Written by: Dalia Lasaite

In order to improve, every team needs to monitor and evaluate its performance.  There are two key tools for measuring performance in Kanban: the Cumulative Flow Diagram, which we covered in a previous blog post, and the Lead and Cycle Diagram. Lead and cycle diagram measures two indicators – lead and cycle times. This blog post reviews lead and cycle times and how to use them to increase team’s performance.

The image bellow shows the definition of Lead Time and Cycle Time.

 , Measuring Team Performance for Kanban: Lead and Cycle times, Eylean Blog, Eylean Blog

Image source: http://stefanroock.files.wordpress.com/2010/03/leadtimes3.png

Lead time measures the time between the request and the delivery of a task, including all stages within your Kanban workflow. For example, if the task spent two weeks in the queue and then was done within 3 days, the Lead Time will be two weeks and three days.

Cycle time measures the time between the moment when the team member started working on a task until its completion. In case there are multiple stages, the Cycle Time is only measured specifically for each stage. Taking the previous example, the Cycle Time would be just 3 days – as that is the time the team members worked on the task.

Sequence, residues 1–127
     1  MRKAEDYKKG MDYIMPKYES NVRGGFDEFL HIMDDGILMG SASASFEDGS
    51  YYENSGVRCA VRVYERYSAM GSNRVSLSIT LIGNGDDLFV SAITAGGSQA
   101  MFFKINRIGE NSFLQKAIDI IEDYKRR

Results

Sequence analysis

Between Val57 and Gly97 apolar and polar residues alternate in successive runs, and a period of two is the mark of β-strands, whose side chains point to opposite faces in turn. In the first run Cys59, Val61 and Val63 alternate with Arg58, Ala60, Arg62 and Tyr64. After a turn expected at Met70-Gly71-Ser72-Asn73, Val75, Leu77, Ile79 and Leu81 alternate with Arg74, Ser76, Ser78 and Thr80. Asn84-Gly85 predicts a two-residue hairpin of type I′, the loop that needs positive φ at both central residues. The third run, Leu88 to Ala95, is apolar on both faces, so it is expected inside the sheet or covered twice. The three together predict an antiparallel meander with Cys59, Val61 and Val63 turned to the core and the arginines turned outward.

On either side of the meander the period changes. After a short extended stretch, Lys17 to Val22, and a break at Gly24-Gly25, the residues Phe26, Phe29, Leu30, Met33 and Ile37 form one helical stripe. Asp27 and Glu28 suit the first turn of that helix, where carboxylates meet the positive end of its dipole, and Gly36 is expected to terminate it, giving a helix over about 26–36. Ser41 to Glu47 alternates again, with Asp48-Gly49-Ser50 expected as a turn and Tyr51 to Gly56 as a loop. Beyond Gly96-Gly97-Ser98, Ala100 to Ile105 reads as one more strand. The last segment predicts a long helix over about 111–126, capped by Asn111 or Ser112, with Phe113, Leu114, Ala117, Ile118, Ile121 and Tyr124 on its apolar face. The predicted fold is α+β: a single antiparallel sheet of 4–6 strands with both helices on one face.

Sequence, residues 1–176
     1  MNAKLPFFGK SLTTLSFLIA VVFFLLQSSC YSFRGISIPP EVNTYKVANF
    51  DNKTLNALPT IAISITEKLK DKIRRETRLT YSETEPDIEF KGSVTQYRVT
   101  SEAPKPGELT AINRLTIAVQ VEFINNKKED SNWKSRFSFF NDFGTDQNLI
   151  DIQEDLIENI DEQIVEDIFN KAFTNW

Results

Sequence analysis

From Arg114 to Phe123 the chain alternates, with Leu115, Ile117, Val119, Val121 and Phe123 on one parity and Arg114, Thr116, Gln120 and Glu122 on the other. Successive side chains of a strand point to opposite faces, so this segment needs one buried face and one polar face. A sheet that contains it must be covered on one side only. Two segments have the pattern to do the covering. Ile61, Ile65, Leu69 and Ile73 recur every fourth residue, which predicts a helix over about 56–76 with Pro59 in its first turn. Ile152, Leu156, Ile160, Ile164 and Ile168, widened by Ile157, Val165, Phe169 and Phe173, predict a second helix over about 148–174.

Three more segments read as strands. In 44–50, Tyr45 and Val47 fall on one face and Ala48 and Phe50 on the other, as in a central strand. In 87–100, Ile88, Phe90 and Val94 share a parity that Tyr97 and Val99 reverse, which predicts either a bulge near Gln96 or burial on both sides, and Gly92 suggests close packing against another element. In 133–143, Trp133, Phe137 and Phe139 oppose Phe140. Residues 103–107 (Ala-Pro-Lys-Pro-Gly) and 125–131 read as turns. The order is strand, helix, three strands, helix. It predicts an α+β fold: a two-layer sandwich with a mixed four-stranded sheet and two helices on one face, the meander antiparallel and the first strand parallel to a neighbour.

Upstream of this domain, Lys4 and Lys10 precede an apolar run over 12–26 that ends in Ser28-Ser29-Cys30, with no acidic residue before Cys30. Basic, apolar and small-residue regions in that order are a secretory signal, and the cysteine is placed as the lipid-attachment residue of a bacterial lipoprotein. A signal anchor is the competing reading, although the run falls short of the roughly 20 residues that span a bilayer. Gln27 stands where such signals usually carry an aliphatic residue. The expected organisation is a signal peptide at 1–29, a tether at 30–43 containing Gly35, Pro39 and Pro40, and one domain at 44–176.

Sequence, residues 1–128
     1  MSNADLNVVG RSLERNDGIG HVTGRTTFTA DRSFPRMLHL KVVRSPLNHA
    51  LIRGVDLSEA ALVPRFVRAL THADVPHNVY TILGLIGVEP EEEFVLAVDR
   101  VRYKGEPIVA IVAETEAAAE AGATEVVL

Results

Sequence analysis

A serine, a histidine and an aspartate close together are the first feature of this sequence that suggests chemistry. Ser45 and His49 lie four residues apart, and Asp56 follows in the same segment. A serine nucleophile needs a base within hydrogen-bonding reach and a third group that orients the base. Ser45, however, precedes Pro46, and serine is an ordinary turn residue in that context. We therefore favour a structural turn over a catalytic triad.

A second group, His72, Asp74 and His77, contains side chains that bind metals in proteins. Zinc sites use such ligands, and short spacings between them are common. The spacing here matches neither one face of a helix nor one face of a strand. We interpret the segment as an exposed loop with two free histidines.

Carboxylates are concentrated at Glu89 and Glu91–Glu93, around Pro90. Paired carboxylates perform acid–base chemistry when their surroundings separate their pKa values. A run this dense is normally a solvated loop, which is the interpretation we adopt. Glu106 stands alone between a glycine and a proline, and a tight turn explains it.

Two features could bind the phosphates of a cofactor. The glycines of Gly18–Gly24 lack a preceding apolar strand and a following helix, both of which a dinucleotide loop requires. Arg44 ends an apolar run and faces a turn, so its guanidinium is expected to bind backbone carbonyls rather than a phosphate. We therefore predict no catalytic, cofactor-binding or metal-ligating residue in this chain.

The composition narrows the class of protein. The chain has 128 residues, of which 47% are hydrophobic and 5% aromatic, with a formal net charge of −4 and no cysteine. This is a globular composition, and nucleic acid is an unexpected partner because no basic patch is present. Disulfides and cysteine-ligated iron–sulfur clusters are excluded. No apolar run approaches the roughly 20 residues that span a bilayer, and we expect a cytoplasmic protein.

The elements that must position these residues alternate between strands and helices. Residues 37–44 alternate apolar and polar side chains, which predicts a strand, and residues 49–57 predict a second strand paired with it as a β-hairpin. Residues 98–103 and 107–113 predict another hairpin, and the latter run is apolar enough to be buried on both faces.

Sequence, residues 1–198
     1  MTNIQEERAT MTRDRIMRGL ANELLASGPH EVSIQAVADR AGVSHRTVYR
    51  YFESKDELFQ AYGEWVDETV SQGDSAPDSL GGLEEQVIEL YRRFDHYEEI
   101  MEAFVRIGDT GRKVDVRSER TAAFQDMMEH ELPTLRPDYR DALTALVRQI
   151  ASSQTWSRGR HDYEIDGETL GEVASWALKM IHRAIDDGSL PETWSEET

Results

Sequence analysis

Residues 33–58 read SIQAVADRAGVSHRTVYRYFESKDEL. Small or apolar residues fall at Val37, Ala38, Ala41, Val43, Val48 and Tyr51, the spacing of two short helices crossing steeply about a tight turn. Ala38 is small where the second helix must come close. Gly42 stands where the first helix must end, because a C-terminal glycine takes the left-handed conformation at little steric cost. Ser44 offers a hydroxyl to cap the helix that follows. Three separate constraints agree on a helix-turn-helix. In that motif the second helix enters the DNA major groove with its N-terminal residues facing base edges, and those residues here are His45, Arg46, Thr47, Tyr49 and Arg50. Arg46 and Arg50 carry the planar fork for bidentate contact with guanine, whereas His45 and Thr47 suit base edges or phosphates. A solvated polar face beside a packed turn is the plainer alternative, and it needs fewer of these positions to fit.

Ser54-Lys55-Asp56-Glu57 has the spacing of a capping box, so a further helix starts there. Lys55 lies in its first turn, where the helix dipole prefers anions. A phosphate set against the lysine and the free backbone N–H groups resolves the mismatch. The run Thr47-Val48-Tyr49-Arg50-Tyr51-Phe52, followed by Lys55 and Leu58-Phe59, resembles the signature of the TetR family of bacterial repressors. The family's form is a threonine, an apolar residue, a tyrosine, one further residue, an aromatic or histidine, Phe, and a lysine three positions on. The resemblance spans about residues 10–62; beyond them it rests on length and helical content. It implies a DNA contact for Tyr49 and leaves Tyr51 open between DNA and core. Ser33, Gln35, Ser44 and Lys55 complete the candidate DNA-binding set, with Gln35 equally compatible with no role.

Both of these metrics are supported by Eylean – below you can see the Lead and Cycle Diagram available in Eylean.

, Measuring Team Performance for Kanban: Lead and Cycle times, Eylean Blog, Eylean Blog

Lead and Cycle Time Diagram allows seeing very clearly which tasks take more than expected and thereby can help you improve planning processes. For example, the chart above shows that Lead Time for four tasks is 7 days, and that is something that can be improved by analyzing the nature and type of these tasks.

In order to make the process more efficient, Lead and Cycle times should generally be as small as possible. There are several options for reducing the lead and cycle times. Firstly, and most importantly, it is crucial to monitor the board and see problems when they arise. Secondly, smaller WIP limits generally reduce cycle time. Having smaller WIP limit reduces the opportunity to work on multiple tasks simultaneously, and thus reduces the cycle time. Thirdly, the same effect is achieved by making task units smaller – the cycle time is reduced. Finally, reducing variability of the tasks as well as decreasing the queue will reduce both lead and cycle times.

Lead and Cycle times are extremely important, but they should be monitored not only by the project manager, but also by the whole team. In that way, all the team will get instant feedback into the bottlenecks and issues, removing bottlenecks in their daily routine and potentially bringing their performance to a completely different level.

Do you use Lead and Cycle times to measure performance? Share your best tips in the comments!